SVB Collapse ‘A Textbook Case Of Mismanagement’ — Fed Report

The spectacular fall of Silicon Valley Bank was due to the bank management’s inability to manage risk properly and lax Fed supervision and regulation, according to a report by the Federal Reserve Board released Friday.

“Following Silicon Valley Bank’s failure, we must strengthen the Federal Reserve’s supervision and regulation based on what we have learned,” said Vice Chair for Supervision Michael Barr, who led the probe into the failure of the nation’s 17th largest bank.

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“This review represents a first step in that process—a self-assessment that takes an unflinching look at the conditions that led to the bank’s failure, including the role of Federal Reserve supervision and regulation,” Barr continued in a release.

The report said the collapse was a “textbook case of mismanagement by the bank” and that when the bank’s board and management realized its risk, it did not take the appropriate steps to fix those problems quickly.

The Federal Reserve Board’s shift in supervisory policy also “impeded effective supervision by reducing standards, increasing complexity, and promoting a less assertive supervisory approach.”

Fed Chairman Jerome Powell said he welcomed the self-critical report on Federal Reserve supervision.

“I agree with and support his recommendations to address our rules and supervisory practices, and I am confident they will lead to a stronger and more resilient banking system,” Powell said.

The report also touched on broader issues exposed in the bank’s failure, including the fact a “combination of social media, a highly networked and concentrated depositor base, and technology” changed the speed of bank runs. The report said “social media enabled depositors to instantly spread concerns about a bank run, and technology enabled immediate withdrawals of funding.”

SVB’s issues also show “systemic consequences through contagion” that can occur regardless of a bank’s size and role in the financial network, the report continued.

A timeline

On March 9, Silicon Valley Bank saw its stock price plunge after announcing it would sell $2.25 billion worth of stock — including $500 million worth of shares to private equity firm General Atlantic — to shore up its balance sheet.

The announcement led to deep concern around the venture world — SVB has relationships with more than 50% of all venture-backed companies in the U.S. and countless VC firms — about the bank’s liquidity and balance sheet strength and led to a run on withdrawals.

The bank unsuccessfully tried to sell itself and was shut down by banking regulators the following morning.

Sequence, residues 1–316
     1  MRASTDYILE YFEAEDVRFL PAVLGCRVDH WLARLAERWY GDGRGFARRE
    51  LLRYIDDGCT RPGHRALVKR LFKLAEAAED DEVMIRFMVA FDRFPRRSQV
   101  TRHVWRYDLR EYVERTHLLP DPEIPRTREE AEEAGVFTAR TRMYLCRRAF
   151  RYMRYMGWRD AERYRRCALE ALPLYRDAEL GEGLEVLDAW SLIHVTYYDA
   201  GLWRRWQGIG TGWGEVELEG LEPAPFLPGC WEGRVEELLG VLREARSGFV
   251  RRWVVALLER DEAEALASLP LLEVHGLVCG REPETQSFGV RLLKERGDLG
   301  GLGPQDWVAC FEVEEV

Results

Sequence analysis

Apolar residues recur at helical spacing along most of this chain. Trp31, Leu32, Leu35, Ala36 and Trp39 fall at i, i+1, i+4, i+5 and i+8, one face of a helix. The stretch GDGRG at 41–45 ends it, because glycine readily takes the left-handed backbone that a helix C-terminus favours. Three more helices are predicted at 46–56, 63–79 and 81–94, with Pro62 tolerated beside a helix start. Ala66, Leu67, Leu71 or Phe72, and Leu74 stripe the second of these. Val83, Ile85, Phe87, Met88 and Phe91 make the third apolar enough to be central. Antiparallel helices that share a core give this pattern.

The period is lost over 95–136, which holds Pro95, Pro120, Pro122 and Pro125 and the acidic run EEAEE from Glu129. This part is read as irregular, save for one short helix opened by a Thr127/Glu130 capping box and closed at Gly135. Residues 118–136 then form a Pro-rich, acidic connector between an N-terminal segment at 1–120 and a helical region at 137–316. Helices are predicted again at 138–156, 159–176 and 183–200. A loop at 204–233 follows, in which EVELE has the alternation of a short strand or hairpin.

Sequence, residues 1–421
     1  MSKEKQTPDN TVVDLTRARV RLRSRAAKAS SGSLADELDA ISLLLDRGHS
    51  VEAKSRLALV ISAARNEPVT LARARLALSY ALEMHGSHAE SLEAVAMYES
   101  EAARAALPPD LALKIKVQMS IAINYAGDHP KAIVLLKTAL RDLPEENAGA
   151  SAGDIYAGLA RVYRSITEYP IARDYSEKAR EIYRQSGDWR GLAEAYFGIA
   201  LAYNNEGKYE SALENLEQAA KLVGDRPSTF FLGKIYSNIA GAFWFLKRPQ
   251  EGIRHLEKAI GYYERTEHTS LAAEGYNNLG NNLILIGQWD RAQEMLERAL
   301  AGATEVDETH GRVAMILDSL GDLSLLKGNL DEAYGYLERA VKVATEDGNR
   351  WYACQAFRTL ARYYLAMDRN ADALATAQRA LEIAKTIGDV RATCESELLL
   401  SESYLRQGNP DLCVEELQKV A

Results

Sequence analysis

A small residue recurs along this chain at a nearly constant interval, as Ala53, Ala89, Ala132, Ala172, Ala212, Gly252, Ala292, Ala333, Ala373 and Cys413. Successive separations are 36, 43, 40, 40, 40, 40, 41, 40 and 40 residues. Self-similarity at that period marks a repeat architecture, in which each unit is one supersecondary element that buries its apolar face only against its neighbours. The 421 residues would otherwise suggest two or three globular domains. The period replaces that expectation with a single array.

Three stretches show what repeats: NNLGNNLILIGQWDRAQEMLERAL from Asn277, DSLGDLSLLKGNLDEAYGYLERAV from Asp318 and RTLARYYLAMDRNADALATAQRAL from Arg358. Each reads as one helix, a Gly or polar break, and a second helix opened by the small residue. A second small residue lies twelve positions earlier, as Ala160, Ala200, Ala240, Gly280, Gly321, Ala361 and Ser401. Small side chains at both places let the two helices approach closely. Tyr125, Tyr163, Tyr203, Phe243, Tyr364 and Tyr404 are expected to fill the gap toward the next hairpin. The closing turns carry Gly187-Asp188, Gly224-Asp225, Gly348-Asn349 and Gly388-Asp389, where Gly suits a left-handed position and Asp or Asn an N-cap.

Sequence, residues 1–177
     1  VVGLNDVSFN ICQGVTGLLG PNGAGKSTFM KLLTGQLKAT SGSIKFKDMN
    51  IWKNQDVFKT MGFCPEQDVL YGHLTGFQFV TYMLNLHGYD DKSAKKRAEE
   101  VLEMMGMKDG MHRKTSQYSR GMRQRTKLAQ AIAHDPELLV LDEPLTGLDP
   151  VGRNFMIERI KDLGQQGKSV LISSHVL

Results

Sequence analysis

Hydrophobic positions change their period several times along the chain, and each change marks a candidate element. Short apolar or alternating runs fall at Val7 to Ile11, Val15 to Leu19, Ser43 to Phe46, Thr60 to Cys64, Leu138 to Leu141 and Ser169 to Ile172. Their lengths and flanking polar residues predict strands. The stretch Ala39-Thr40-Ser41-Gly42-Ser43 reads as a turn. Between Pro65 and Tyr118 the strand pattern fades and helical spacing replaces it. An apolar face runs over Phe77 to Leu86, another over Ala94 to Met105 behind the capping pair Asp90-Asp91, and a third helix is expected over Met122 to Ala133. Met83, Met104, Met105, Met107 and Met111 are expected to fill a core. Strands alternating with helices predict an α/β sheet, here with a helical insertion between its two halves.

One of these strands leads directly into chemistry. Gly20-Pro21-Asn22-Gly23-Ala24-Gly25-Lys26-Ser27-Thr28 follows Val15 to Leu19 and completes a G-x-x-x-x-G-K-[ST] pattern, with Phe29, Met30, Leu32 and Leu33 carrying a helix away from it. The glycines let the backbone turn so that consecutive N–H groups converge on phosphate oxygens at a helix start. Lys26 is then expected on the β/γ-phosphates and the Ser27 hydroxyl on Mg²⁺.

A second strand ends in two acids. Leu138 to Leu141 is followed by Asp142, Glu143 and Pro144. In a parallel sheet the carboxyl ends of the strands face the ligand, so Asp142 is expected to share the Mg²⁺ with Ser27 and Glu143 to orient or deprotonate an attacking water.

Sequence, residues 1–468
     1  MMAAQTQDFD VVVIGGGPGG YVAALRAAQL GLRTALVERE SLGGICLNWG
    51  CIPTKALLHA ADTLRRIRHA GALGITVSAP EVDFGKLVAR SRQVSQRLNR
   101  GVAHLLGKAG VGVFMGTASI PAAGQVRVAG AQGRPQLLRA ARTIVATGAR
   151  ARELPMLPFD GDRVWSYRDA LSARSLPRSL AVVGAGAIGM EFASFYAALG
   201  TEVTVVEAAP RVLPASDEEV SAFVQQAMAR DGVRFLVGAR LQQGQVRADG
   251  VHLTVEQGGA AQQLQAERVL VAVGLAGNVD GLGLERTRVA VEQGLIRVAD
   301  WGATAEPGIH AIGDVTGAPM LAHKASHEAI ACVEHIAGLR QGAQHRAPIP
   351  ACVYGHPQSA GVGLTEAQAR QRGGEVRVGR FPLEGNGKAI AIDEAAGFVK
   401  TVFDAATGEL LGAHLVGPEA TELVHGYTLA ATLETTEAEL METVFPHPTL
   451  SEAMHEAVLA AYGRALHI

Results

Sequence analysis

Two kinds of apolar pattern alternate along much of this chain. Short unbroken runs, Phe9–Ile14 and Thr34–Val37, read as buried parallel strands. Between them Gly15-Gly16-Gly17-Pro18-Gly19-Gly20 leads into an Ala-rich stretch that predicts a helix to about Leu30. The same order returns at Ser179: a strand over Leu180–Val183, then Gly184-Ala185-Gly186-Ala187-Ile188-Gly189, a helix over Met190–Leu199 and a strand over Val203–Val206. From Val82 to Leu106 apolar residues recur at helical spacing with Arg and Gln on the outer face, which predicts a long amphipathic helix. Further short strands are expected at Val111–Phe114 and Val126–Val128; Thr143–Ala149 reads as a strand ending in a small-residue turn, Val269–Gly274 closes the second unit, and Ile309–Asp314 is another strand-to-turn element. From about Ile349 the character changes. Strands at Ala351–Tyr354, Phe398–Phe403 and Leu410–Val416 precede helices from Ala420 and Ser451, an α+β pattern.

On March 26, the Federal Deposit Insurance Corp. announced First Citizens BancShares had agreed to buy the loans and deposits of the failed Silicon Valley Bank.

SVB’s collapse was due to both bad decisions and bad timing. During the recent venture capital boom, the bank was flush with cash as private companies raised huge sums of fresh capital at sky-high valuations. That cash was stuffed into the bank.

However, as the market has slowed with rising interest rates, that cash has dried up as deposits by startups dipped.

At the same time, SVB had decided to invest in long-term, higher-yield bonds. That decision proved disastrous, as when customers started to withdraw cash, the bank had to sell its $21 billion bond portfolio at a $1.8 billion loss.

The bank had hoped its proposed financing would fill that gap, but instead just spooked many of its customers.

A history

SVB was the dominant bank for tech startups and venture debt in the U.S., cultivating a reputation for close-knit relationships with the power brokers of venture and taking chances on young startups that most banks wouldn’t have the time of day for.

The bank was founded in 1983 by Bill Biggerstaff and Robert Medearis with an eye toward backing VC-backed companies — a still relatively new phenomenon at the time. From there it grew, even surviving the California real estate crash in the early 1990s. It provided banking services for up-and-coming tech companies such as Cisco Systems and Bay Networks.

SVB wasn’t just a bank for VC-backed startups — it was “the” bank for such companies. One of the reasons SVB became the bank of choice was its venture lending practice. The bank had about $74 billion worth of loans on its books, with about 20% of that being from venture debt, according to those in the industry.

SVB also had a large private wealth management division that had significant synergies with its commercial banking operations — helping the same VCs and entrepreneurs with home mortgages and personal loans after it just helped their startup close a big financing round.

The SVB failure is the second-largest bank collapse in U.S. history. The largest collapse of a financial institution was Washington Mutual, which fell in 2008.

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